Two other incised examples, a jug and keg cooler, are ranked among some of the more ornately decorated pieces of Cushman stoneware known. The keg’s designs are brushed over with cobalt blue, while the birds on the jug remain unpainted.
A brownish-colored ovoid jug illustrates Cushman’s elaborate 1809 maker’s marks, which is impressed through the use of two different coggle wheels, one for each line of writing.
Twenty or so other pieces in the exhibit represent the products of Cushman’s predecessors, competitors and successors in Albany and nearby Troy. A jar likely produced by Albany’s earliest stoneware potter, Capron, is impressed with the inverted maker’s mark “ALBANY WARE” on one side, and is decorated with an incised bird on the reverse. Made circa 1800, it is owned by the Albany Institute, and is one of only two examples known with cobalt decoration.
An ovoid jug with incised fish design made between 1825 and 1837 was made during Calvin Boynton’s Troy years, and is marked as such. An important 13-inch-tall keg stamped “TYLER & DILLON / ALBANY” was made by Moses Tyler and Charles Dillon between the years 1826 and 1834. It features a large incised fish with long snout and numerous teeth and bears the inscription “BRANDY” in large bold letters.
A small, much simpler keg on display is stamped “DILLON & PORTER / ALBANY.” It was made at Cushman’s site after his death by Dillon and a new partner named Nathan Porter between the years 1839 to 1841.
And while elaborately coggled or incised examples may attract the most viewers, McCombs still notes the importance of Cushman’s humbler creations. “Some of his [Cushman’s] undecorated pieces are just as interesting in their own way. They say something about the society they were created for. I think people were willing to accept things less than perfect, as long as they were functional.”
Several nonpottery items will also be on display, including a small lithograph of Paul Cushman, which has been enlarged for viewers, and a portrait of Cushman’s competitor, Charles Dillon. An interesting 1830s packing list of Cushman wares shows the wealth and breadth of forms produced, including mugs, pots and even a “soda fountain”— of which none are known today.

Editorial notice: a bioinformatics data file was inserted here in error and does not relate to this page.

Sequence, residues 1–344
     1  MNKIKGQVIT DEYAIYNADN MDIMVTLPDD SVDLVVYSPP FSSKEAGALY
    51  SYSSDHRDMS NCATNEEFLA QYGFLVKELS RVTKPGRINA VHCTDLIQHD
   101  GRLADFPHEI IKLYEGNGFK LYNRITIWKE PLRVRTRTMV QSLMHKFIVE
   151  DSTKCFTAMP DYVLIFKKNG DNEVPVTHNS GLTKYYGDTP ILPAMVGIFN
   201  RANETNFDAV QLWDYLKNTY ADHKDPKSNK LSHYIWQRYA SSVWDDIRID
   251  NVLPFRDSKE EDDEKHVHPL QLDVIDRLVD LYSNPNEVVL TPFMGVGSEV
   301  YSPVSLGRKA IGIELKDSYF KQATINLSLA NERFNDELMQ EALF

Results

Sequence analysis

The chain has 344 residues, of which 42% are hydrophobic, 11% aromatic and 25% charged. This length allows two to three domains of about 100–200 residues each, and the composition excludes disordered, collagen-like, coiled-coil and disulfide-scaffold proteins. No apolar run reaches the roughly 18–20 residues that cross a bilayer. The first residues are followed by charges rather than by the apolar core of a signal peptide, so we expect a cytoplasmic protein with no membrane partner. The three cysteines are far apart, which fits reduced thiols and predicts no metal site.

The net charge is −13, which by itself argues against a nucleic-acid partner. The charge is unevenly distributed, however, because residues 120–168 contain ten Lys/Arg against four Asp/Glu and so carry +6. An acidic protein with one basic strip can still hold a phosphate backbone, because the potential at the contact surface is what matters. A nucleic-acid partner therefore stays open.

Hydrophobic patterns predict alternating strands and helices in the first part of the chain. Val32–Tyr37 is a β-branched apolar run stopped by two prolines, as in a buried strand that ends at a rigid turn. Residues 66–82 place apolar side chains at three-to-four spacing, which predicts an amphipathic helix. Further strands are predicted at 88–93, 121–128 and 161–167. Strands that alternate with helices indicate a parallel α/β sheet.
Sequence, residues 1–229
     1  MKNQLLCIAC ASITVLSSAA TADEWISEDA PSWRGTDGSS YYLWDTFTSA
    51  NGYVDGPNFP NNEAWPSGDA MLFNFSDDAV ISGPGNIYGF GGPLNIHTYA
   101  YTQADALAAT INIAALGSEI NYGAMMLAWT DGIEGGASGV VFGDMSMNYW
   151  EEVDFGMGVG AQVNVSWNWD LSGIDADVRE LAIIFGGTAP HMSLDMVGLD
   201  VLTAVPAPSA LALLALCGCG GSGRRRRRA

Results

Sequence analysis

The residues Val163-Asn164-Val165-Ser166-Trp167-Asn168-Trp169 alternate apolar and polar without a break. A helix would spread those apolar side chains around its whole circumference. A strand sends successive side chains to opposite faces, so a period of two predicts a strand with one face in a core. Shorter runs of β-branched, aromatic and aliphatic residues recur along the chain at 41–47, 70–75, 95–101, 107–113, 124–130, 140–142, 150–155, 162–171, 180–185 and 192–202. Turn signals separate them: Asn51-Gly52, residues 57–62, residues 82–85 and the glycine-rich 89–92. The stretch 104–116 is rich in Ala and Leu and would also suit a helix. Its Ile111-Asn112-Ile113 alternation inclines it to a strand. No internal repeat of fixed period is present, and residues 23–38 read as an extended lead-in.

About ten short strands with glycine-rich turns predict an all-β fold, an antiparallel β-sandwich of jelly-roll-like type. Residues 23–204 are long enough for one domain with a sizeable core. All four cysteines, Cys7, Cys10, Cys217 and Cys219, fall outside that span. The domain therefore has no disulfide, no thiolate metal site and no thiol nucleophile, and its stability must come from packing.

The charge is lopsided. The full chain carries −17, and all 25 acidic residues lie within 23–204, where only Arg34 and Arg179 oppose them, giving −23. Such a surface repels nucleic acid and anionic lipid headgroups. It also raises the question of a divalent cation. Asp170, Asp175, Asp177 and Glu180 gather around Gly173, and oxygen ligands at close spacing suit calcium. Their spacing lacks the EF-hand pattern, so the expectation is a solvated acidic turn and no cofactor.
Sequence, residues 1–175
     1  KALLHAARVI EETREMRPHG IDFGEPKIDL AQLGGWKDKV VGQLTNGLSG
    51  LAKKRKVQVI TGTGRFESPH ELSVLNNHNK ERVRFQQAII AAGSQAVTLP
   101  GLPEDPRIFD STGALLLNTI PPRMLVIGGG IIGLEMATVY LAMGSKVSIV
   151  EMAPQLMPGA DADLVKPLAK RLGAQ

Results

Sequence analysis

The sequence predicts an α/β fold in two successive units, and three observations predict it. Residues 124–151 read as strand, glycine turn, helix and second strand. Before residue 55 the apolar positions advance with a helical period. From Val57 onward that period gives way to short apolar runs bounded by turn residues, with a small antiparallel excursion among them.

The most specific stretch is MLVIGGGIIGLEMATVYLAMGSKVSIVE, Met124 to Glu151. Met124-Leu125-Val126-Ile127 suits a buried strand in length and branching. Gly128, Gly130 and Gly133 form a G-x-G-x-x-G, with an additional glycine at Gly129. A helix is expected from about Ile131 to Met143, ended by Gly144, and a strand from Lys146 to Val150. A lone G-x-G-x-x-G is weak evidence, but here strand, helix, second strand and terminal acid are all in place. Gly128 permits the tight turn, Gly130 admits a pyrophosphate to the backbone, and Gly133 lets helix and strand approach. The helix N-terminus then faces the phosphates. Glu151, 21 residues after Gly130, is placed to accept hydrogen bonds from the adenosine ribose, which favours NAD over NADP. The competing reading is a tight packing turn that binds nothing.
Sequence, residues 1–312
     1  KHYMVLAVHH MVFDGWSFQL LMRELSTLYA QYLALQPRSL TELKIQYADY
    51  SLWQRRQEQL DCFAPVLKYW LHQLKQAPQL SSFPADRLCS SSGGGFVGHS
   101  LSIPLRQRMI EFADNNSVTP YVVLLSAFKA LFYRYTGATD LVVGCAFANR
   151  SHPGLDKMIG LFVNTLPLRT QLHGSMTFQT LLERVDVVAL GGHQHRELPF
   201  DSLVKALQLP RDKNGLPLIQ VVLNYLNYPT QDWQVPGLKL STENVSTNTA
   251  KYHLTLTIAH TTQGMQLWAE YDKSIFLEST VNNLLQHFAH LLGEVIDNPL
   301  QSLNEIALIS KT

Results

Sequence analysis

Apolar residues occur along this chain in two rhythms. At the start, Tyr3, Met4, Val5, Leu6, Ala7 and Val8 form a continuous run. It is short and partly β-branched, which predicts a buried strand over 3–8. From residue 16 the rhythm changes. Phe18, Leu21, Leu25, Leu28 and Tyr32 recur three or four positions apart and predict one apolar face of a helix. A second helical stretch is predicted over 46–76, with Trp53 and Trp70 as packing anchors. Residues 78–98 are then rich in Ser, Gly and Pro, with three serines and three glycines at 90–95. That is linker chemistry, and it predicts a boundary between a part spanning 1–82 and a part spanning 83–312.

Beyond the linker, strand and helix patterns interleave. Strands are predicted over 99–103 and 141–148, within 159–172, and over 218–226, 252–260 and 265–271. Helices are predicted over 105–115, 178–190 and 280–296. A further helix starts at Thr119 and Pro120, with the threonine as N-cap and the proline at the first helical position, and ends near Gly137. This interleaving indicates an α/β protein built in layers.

Accompanying the exhibit is a 144-page softbound book, with a foreword by Leigh and Leslie Keno and a preface by William C. Ketchum, an expert and author of several stoneware books. The book includes essays about Cushman stoneware written by several noted Albany stoneware scholars, followed by a catalog of items in the exhibit. One ambitious essay by Chris Mailman searches for a common maker among pieces stamped with different Albany maker’s marks based on similar traits, such as rim construction.
The catalog comprises 63 pieces photographed in full color and 20 black and white illustrations. Two appendices are also included at the back of the book, one written by Warren Broderick, which gives information on researching potters, and one listing various Albany maker’s marks. A limited edition of 1,000 copies have been produced, and they are available from the Institute for $34.95.
The Albany Institute of Art is at 125 Washington Avenue. For information, 528-463-4478 or www.albanyinstitute.org.
Editor’s Note: Mark Zipp is an historian and expert in the field of American stoneware. Along with his parents and two brothers, the family runs Crocker Farm, Inc, a Riderwood, Md.-based auction house that specializes in stoneware and redware. Zipp graduated with honors from Johns Hopkins University and he has had an article, co-written with his brother, Brandt, and titled “James Miller, Lost Potter of Alexandria, Virginia,” published in Chipstone’s 2004 edition of Ceramics in America.